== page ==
The Healthy Home Economist (2016) also calls cassava-resistant starch “the healthiest starch for your gut:” what does this mean to our health? They had this to say:

“Resistant starch is a type of starch that does not break down (it literally “resists” digestion), instead of being absorbed as glucose like most starches. Instead, resistant starch travels through the small intestine to the colon where it is turned into beneficial, energy-boosting, inflammation-squashing, and short-chain fatty acids by intestinal bacteria. The main reason why resistant starch is so beneficial is that it feeds the friendly bacteria in your colon, turns them into important short-chain fatty acids, such as butyrate (known to help reduce inflammation), and is extremely helpful in cases of autoimmunity, IBS, colitis, and allergies.

The authority nutrition (2016) also explains:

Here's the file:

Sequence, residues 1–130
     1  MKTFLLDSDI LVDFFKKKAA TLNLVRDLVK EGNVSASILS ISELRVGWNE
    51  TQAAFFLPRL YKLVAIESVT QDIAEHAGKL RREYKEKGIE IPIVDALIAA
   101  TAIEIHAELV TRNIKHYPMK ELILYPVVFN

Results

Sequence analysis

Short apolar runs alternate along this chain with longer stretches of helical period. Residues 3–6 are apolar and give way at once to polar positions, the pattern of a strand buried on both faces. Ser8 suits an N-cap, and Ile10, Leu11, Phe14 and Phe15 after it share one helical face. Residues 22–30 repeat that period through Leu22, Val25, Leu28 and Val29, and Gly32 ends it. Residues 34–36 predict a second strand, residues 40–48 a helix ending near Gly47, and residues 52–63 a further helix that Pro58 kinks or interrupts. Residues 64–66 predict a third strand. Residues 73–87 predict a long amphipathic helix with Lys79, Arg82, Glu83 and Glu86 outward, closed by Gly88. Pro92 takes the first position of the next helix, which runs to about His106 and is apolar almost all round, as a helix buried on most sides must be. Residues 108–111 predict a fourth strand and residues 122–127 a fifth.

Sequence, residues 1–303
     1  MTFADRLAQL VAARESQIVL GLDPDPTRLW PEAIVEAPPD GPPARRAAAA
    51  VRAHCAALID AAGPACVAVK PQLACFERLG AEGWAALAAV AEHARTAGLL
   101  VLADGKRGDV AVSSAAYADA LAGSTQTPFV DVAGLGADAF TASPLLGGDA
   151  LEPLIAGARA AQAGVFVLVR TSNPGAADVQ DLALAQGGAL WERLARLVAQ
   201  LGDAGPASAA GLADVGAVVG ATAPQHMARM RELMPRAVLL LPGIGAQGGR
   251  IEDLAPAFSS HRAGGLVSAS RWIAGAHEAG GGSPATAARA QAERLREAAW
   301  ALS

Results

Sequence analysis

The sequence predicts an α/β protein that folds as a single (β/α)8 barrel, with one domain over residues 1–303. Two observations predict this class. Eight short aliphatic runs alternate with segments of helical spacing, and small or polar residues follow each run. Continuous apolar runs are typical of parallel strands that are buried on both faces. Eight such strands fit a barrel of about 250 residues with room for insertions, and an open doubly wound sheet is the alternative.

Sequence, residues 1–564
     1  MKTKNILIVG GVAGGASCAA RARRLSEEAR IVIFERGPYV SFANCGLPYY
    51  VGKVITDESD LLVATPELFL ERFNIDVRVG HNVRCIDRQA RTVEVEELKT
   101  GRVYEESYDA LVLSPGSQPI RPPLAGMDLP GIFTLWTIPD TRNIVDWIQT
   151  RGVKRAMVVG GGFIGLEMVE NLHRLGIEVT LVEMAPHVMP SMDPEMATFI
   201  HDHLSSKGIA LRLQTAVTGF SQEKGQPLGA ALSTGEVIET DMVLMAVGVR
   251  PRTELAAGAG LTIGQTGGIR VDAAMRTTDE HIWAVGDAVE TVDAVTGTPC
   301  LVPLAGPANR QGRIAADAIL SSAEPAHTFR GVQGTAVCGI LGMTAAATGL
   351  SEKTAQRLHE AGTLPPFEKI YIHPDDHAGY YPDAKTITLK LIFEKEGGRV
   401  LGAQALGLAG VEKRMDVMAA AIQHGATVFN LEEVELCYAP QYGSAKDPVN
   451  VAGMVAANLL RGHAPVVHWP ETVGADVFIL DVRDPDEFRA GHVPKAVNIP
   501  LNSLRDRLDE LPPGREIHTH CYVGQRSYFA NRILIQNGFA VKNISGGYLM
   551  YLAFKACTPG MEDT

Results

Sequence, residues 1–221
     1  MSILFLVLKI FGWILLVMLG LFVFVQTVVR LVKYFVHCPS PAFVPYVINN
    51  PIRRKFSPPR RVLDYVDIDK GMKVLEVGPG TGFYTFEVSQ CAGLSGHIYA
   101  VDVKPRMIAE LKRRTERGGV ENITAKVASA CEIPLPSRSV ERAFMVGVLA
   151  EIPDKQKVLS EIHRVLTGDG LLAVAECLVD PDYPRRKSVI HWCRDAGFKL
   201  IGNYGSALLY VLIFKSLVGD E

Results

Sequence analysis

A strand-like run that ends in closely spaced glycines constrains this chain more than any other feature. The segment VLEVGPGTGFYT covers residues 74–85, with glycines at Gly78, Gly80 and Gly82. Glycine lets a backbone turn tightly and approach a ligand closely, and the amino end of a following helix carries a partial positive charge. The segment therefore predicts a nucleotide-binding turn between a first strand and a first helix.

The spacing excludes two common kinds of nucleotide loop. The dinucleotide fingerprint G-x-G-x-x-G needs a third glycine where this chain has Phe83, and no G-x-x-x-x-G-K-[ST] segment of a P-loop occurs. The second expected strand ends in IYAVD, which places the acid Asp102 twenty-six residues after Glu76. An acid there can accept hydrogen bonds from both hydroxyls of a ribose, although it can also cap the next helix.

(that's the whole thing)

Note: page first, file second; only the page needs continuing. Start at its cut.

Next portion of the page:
“Most of the carbohydrates in the cassava diet are starches. Starches are long chains of glucose that are found in grains, potatoes, and various foods. But not all of the starch we eat gets digested. Sometimes a small part of it passes through the digestive tract unchanged. In other words, it is resistant to digestion”.

A previous study by Topping et al, (2003) also explained that resistant starch can be very beneficial. As it feeds beneficial gut bacteria, it can reduce inflammation as well as harmful bacteria. It may also lower your blood glucose level after meals (Diabetes Care, 2006), improve insulin sensitivity (Robertson et al. 2005), help manage metabolic syndrome (Bodinham et al, 2010), and possibly help you eat less(Raben et al,1994). From this analysis, just imagine what eating your local cassava-related diet Nyambeh Nyebbeh could do to your health.

Cassava in Nyambeh Nyebbeh, the Science

Digestive and colon health